Live-Action Films


(Judge Dredd Megazine, Rebellion)

Chronicle, a debut film by director John Trank, retells the Steven King Carrie story but with a male outsider. Andrew (Dane Dehaan) is a high-school geek with an abusive dad and terminal mother, who decides for no visible reason to start filming his life, hours before his life becomes worth filming. There’s a film to be made mocking this convenience. Imagine a haunted camera that knows when there’s going to be a Godzilla attack, alien invasion, homicidal haunting or troll infestation, and infects its owners with a scopophilic mania so they won’t just put the bloody camera down and run away.

After filming a few of his mundane miseries and beatings, Andrew is dragged into dark woods and a darker hole in the ground by two acquaintances. One is his cousin Matt (Alex Russell), a superficially confident poseur who’s still prone to toe-curling fails with girls; the other is the charismatic Steve. Below ground, the trio has a third-kind encounter, with inevitable shades of last summer’s Super-8, though the scene cuts out fast. When we next join them, the lads are levitating lego bricks and pranking shoppers with telekinesis. The plot shifts are telegraphed without any effort to surprise us; though the superhero journey is so familiar now that the whole story might have been told in accelerated leaps.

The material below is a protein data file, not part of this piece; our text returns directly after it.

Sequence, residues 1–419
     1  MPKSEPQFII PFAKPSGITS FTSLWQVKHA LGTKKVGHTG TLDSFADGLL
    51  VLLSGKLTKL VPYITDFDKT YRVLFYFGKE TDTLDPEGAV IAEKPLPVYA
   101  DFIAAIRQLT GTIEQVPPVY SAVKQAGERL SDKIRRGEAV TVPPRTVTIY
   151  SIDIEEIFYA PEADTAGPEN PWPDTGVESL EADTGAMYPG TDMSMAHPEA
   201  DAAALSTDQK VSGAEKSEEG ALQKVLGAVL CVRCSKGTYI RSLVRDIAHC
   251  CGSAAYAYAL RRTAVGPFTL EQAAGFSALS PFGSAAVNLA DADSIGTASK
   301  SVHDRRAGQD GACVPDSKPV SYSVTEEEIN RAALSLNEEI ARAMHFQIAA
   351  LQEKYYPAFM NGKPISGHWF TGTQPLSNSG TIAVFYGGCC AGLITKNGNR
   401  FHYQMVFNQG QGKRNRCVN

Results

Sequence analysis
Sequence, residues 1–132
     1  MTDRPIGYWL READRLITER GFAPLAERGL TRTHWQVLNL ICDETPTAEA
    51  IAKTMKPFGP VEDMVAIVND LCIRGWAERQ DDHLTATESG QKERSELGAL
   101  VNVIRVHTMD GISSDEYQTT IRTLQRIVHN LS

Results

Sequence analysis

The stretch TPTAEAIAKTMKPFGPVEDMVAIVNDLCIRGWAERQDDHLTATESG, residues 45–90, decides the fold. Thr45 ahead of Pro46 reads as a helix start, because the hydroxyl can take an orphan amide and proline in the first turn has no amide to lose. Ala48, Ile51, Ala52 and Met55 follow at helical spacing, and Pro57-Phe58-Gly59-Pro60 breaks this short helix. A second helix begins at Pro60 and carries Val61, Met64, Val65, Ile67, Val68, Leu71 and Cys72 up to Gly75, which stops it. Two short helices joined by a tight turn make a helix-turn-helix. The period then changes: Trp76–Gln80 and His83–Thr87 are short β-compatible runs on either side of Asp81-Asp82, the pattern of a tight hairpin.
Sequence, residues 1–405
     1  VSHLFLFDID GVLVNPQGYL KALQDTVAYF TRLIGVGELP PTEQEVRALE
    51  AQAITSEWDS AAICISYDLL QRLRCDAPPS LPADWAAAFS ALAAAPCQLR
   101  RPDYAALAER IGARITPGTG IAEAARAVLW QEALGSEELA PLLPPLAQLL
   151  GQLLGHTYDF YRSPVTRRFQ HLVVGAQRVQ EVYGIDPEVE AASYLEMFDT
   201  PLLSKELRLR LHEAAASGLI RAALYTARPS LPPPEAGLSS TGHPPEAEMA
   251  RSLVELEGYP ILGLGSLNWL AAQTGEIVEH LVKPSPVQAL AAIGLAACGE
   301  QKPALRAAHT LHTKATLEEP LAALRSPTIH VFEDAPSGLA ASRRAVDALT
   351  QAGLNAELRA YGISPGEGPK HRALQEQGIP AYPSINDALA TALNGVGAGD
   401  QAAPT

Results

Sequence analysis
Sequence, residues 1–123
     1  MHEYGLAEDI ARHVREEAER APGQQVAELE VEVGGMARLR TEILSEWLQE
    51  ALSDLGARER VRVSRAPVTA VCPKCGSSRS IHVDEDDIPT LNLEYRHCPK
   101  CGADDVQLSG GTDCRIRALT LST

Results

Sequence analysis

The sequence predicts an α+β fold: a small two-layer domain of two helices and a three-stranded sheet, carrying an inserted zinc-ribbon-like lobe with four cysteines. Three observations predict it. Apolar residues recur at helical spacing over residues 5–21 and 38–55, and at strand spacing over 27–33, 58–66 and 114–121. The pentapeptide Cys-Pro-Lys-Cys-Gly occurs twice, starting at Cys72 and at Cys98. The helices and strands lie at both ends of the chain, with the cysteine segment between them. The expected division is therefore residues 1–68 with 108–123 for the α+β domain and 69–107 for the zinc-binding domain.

Instead, the plot is oddly circumscribed. For example, the youngsters never trouble to re-investigate the buried cavern or pipe-dream how to change world history. Instead, Chronicle focuses on the super-trio’s bonding, as they play ball amid clouds, wow their peers with magic tricks, and relax sated by their efforts, reflecting that they’ve had the best day of their lives – no girls needed. The homoeroticism is displaced into Matt and Steve’s efforts to get Andrew’s cherry popped, which is where things go wrong – though not as wrong as they could have done. When the now-popular geek takes a girl upstairs at a party, I expected a graphic demonstration of why supermen and humans don’t mix, as discussed in Larry Niven’s classic essay, “Man of Steel, Woman of Kleenex.”

But Andrew’s plunge from grace is less a bloody Carrie explosion than a soapy teen strop. The film’s contrivances preclude the convincing banality that would have made the bathos satisfying; perhaps Chronicle should have taken lessons from last year’s Super. The super-fight finale is fun, with switchback rides through buildings going bang, though there are cheat perspectives (moments not being filmed by a camera), and it feels too close to Cloverfield.

(c) 2018 Rebellion A/S. Reprinted with permission.

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